3.) Losing things

Dementia patients could start to put things in more and more unusual places. We all can misplace our car keys or house keys from time to time but finding “lost” keys in the refrigerator could be a sign of dementia. Patients could lose things and then not be able to retrace their steps to find their missing things. However harmless this may seem; this can escalate into theft accusations when they can’t find their personal belongings that they have unknowingly misplaced. Patients can become paranoid and subsequently put their things in even more unusual spots to ward off the suspected thief. Suspicion and delusions may occur in middle-to-late stage Alzheimer’s.

4.) Difficulty Doing Familiar Tasks

Dementia can also affect one’s capability to do normal daily tasks. Patients could have difficulty with coordination and remembering how to complete multi-step processes like driving, cooking, or playing a familiar game. They may start to rely more on their loved ones to do things for them. Caregivers should maximize the patient’s independence and allow them to try and figure it out but should remain cautious. Dementia can also affect depth perception, distance perception, and color perception. Caregivers may notice increased clumsiness, accidents, falls, and uncharacteristic mishaps.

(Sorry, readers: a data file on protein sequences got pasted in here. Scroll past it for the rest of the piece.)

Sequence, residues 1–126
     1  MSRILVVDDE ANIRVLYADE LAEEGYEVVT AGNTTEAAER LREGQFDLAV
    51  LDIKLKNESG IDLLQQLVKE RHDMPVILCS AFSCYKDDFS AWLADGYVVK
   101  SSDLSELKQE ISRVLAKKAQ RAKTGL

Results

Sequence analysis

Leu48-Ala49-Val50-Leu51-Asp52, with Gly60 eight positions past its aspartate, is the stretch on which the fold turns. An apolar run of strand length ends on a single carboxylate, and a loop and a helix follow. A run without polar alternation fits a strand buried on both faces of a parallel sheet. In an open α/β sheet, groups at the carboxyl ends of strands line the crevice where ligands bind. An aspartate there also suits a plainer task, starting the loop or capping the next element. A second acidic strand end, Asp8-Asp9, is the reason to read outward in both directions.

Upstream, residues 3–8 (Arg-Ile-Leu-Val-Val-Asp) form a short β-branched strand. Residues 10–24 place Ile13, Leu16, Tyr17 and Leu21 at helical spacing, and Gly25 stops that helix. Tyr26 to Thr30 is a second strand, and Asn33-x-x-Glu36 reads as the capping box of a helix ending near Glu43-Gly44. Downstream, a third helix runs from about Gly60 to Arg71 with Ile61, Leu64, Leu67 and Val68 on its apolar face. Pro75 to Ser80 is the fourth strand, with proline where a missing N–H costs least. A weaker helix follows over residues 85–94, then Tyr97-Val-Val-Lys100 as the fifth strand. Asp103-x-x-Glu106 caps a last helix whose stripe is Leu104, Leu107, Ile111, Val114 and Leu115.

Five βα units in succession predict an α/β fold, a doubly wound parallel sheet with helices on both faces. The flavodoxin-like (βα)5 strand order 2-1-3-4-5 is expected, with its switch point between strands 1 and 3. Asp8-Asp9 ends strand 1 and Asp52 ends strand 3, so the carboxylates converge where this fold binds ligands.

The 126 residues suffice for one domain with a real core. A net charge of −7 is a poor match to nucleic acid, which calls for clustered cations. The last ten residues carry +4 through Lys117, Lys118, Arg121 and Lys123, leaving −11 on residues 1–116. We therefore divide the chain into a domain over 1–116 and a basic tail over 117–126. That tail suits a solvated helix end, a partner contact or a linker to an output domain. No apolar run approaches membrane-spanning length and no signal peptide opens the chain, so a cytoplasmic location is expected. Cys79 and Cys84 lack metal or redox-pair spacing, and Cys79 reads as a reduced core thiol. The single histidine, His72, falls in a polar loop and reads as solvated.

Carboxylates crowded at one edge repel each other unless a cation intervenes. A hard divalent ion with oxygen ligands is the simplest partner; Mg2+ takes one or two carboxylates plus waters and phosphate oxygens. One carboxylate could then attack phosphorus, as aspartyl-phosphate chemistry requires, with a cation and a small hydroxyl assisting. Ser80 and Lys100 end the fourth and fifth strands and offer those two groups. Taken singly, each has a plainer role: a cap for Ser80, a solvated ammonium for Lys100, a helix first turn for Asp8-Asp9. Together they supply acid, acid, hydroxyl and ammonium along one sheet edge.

5.) Language and Speech Problems

Alzheimer patients will typically have trouble recalling the right words while speaking or while writing. Some patients can use stand-in words like “thingy,” “thingamajig,” “doodad,” or “what-cha-ma-call-it” and can make up their words or terms for actions. For example, someone with dementia might call a fridge a “cold space.” Because of these confusions or impaired speech abilities, they may also stop talking or writing abruptly.

6.) Problem with Simple Math

Math may not come easy to everyone, but people in early stage dementia may have difficulty completing basic math problems. They can find it difficult to work with numbers in everyday life such as budgeting, calculating tips, or even adding and subtracting. Caregivers should remain patient when helping dementia patients with this. Patients may feel embarrassed so it’s also critical caregivers remain non judgemental, offering help or corrections as suggestions.